Theatre of Cruelty: Artaud

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  • 0:06 Overview
  • 0:23 Surrealism
  • 0:54 Artaud
  • 2:17 Characteristics
  • 3:40 Examples
  • 6:22 Lesson Summary
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Lesson Transcript
Instructor: Heather Carroll

Heather teaches high school English. She holds a master's degree in education and is a National Board Certified Teacher.

Most of us watch movies or television shows to relax or escape reality, not as a means of reform. In this video, learn how Antonin Artaud's Theatre of Cruelty tries to shock the audience into becoming better people.


The Theatre of Cruelty was the creation of French director, actor, and writer Antonin Artaud. His view that theatre should confront the audience's fears in order to help them overcome them can best be understood if we first look at Surrealism.

Historical Context: Surrealism

Surrealism was inspired by Sigmund Freud's study of the unconscious mind. Surrealist playwrights moved beyond reality and looked to dreams instead of logic for inspiration to create a true reality. They wanted to be able to explain everyday reality in a way that the mind hadn't imagined before. While Apollinaire is known as the founder of Surrealist theatre, it was André Breton's 'The Surrealist Manifesto' that sought to unify the reality of the mind and reality that surrounds us.

Theatre of Cruelty: Artaud

Antonin Artaud, who briefly followed Surrealism, took Breton's suggestions and combined them with the dramatic movements of Balinese dance, and the Theatre of Cruelty was born. Conventional theatre of the time, which was geared toward the elite and bourgeoisie, looked to imitate real life. Artaud and others like Bertolt Brecht wanted theatre for the masses; something that would change the way the audience experienced the theatre. But while Brecht saw problems with society, Artaud believed that man's issues stemmed from the subconscious. The Theatre of Cruelty, defined in the late 1930s, took the Surrealist approach to create its own violent and ritualized theory of drama. Artaud first proposed this idea in his book 'The Theatre and Its Double'. He believed that 'man was savage under the skin', but also that people could be pushed to overcome savage impulses if they were confronted with the violence behind their desires. His goal was to make the audience more aware of their instinctual feelings through psychological shock. The audiences were quite shocked when they attended Artaud's plays; people were often sick! Artaud died in 1948 after nearly a decade in psychiatric hospitals, but his ideas continued to influence playwrights well into the 1960s.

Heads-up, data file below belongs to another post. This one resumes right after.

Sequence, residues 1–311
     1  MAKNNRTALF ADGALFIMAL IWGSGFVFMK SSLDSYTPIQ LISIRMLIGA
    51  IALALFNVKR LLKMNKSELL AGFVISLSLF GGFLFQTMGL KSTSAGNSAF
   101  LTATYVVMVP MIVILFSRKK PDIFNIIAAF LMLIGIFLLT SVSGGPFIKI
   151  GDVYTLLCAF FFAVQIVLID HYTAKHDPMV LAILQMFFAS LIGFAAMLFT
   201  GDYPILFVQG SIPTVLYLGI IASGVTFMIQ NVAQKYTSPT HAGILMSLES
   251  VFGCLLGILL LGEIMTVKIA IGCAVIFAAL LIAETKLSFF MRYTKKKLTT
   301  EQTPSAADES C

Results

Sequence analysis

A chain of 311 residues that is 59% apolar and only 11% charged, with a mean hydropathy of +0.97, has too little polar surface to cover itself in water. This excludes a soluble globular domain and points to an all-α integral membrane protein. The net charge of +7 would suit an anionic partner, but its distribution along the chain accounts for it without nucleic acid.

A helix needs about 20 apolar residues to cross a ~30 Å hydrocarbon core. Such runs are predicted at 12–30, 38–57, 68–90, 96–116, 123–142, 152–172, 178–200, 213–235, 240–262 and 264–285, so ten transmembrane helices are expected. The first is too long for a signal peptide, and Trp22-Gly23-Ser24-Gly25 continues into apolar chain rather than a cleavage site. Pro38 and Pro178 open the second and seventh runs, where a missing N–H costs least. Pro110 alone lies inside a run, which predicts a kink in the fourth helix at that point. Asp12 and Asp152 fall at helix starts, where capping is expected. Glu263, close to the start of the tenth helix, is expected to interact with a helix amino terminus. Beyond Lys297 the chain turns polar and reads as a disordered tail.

Characteristics of the Theatre of Cruelty

Artaud's use of the word cruelty did not intend to mean brutal or mean. Instead, he meant that it was up to the actors to show the audience things they didn't want to see. In this fashion, the actors had to be brutally honest and cruel - with and to themselves. To make this happen, the actors needed to employ methods that were quite different than those of traditional theatre.

Even so, Artaud did not demand a system of exercises or instructions to follow. But we can draw some conclusions based on his ideas and his work.

  • The text was not as important as the action on stage.
  • Artaud's theatre wanted to transfer a sense of pain, suffering, and evil, using gestures, sounds, and symbols instead of words.
  • The screams, cries, and other noises that were the focus of the Theatre of Cruelty meant to jar the mind and make people face their fears.
  • Much like the Balinese dance, the gestures the actors used were symbolic instead of natural.
  • In fact, because the Theatre of Cruelty dealt with dark universal concepts like madness and perversion, there were often graphic portrayals of such things on stage.
  • To ensure that the audience was completely immersed in the action, he wanted them to sit in swivel chairs in the middle of the performance so the performance would take place all around them.


Artaud attempted to stage his theories in 1935 with The Cenci, a play partially adapted from Percy B. Shelley's story that told of a 16th century Italian noble who was killed by his servants. His telling of the story was both disturbing and graphic, especially at the point where Count Cenci is murdered on stage. Light and sound are used to enhance the audience's shock at the torture, incest, and rape happening in front of them.

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